The first very important piece of advice regarding renting privately is to always view the property. Never hand any money over before you see the property/room!

The next thing to remember is that you will need to pay a deposit on your property/room and your landlord or letting agent will expect you to have a guarantor.

Don't forget that agency fees will be an extra expense when you rent through a letting agency!

Here is a handy list of places to start your search for privately rented student accommodation:


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You might be feeling a little disappointed that you haven’t got a place in halls and worried that you will miss out on some of the fun that freshers usually have. What you must remember is that your social life at university doesn’t solely depend on housemates - you will also make friends on your course, in your sports teams and in any other societies you decide to join. And who knows...the people you end up living with in your shared accommodation could become your life-long best friends!

Don’t forget, universities often hold special events during freshers for those in private halls and privately renting (and those who have decided to live at home) to make sure that you get to meet each other, get into the social spirit of things and don’t miss out on any of the fun!


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Halls of residence


  • Often nearer to uni

  • Bills are included (less for you to organise/worry about)

  • Easy to meet and make friends with other freshers


  • Can be pretty noisy

  • Can be quite expensive

  • Are sometimes located quite far away from a supermarket/grocery shops and any nightlife

Private halls


  • Still get to have that university halls “experience”

  • A bit more protected/sheltered than when you rent privately

  • Still quite easy to meet other people your age and at your university (others in the same boat as you - a surefire way to make friends!)


  • Can be more expensive than uni-run halls

  • There's not an option to swap rooms in private halls

  • Might have to make more of an effort to get involved with freshers stuff (they won’t necessarily bring the fun to you, so you need to take yourself to it!)

Privately renting/house sharing


  • Often less noisy than halls

  • Often better choice of locations - might be able to find somewhere near-ish uni, as well as shops and nightlife

  • Can be cheaper than halls


  • Bills not included (more to organise/think about)

  • Smaller group of people to meet and not quite the same “social” feel as halls, but still great fun

  • Might be harder to get involved with freshers stuff - really try to make the effort!


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  • Act quickly! There’s no time to drag your heels. With some unis, you may be put on a waiting list for a room in halls - it makes sense that if you act quickly, you’ll be higher up the waiting list and thus in with more of a chance of securing a place in halls.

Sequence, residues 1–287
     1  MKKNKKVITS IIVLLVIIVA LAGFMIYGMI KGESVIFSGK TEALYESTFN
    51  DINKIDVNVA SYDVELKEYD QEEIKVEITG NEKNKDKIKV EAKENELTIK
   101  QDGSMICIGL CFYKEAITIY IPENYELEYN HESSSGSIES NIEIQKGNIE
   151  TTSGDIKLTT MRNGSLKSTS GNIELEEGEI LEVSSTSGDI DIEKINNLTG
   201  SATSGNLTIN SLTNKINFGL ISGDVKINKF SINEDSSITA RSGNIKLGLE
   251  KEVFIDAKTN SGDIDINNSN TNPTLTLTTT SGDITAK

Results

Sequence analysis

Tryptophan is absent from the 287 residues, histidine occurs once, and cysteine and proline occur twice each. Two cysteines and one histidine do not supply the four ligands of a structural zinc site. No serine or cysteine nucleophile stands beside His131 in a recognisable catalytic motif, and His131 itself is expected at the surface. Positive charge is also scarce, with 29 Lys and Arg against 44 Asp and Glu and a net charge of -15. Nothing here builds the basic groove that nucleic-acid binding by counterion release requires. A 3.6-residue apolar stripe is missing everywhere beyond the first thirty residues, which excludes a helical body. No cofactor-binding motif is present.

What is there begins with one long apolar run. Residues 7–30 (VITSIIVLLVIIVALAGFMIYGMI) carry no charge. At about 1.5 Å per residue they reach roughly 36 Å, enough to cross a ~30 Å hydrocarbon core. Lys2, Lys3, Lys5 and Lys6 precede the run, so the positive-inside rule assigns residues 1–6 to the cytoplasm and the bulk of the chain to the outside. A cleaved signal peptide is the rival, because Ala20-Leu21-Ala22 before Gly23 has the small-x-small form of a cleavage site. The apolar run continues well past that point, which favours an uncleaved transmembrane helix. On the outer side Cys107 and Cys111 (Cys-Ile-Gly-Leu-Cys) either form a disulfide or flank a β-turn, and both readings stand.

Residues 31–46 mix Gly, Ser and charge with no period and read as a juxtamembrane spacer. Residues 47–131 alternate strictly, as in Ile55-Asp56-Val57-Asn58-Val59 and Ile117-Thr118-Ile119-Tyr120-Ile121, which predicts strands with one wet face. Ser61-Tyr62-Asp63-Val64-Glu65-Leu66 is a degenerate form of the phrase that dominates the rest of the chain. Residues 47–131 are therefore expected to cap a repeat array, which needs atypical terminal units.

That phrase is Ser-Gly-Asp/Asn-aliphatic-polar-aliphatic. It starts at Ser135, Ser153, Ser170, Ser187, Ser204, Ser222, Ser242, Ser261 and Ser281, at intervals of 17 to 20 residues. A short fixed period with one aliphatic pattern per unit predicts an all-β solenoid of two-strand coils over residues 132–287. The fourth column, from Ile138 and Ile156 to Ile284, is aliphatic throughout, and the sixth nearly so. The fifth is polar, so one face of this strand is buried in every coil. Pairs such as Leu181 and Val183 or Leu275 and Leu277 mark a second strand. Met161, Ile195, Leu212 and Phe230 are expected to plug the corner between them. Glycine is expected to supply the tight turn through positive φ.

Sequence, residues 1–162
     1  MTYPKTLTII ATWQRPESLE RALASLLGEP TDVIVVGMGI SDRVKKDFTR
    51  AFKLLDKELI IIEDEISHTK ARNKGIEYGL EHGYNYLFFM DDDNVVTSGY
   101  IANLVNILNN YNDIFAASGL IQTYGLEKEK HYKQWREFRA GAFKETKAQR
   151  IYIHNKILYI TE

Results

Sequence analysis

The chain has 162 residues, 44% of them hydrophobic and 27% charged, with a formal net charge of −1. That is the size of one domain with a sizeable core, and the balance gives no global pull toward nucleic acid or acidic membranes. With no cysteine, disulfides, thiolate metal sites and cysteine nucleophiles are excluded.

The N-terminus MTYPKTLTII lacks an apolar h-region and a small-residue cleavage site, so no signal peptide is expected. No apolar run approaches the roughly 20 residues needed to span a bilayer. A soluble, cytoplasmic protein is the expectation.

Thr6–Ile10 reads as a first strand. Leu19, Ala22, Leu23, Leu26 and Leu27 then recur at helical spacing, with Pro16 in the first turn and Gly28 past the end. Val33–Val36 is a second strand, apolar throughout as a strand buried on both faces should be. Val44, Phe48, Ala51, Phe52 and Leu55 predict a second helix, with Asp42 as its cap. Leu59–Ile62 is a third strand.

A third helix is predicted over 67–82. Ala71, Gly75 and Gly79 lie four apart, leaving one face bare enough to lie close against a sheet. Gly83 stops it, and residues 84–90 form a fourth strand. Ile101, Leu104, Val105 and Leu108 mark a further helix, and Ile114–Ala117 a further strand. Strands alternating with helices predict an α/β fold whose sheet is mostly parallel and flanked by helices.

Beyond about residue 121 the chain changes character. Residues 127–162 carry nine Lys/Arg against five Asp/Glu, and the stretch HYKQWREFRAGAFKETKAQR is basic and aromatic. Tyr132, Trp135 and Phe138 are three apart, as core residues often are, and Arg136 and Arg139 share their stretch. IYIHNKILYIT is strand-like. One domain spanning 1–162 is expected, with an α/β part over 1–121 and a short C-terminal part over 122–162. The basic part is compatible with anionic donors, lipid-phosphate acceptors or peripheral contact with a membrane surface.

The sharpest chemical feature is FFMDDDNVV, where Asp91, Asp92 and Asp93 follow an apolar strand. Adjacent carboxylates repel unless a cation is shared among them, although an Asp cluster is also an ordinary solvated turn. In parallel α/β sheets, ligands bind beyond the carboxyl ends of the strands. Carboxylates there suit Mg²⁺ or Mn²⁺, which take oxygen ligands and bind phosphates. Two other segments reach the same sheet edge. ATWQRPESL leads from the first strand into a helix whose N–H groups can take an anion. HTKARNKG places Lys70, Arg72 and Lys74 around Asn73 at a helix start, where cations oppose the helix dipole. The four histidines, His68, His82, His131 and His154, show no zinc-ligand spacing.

• Research, research, research!

  • Be prepared to compromise!

  • Follow your uni’s housing office on Twitter (if they have an account) - they might tweet about people looking for housemates

  • Wherever you end up living, make sure you always go with the most sociable option available! Ask to be housed with freshers from your uni in private halls or look to house share with people who are also freshers or, at least, share some of your interests

  • Remember to check what is included in the rent you’re paying - in uni-run halls this isn’t a problem, but in private halls and house shares, it’s sensible to check what else you’ll need to be paying out for. Think bills, insurance, licences etc. Remember to factor this in when considering budgets!

  • Always read the contract for your accommodation (however long and tedious it is!) before signing it!

  • Remember that in private halls and student house shares, you can’t swap rooms (like in uni-run halls) or drop out, because you’re bound by a contract for the year. Make sure you’re happy with everything you’ve decided before you sign the contract.

  • Finally, if you end up in university halls and you find that you’re very unhappy about something, you can always ask about swapping rooms - there is sometimes a list of people who wish to swap. There might be a match with someone who’d prefer your room - so just ask the housing office if such a list exists at your uni and what can be done if not.

Just remember that, at a stressful, busy time like this, you’re doing amazingly well! You’ve got yourself a university place, when a few days ago even that seemed uncertain! Be very proud of yourself and try to keep calm for this next hurdle. It really isn’t as hard or scary as it seems when you break it down into manageable steps, and there are people and services around to ask for help every step of the way.

Whatever accommodation you end up in, we're sure that you’ll have the most amazing university experience and Student Hut will be with you every step of the way!

Katie Hallon 17 July 2017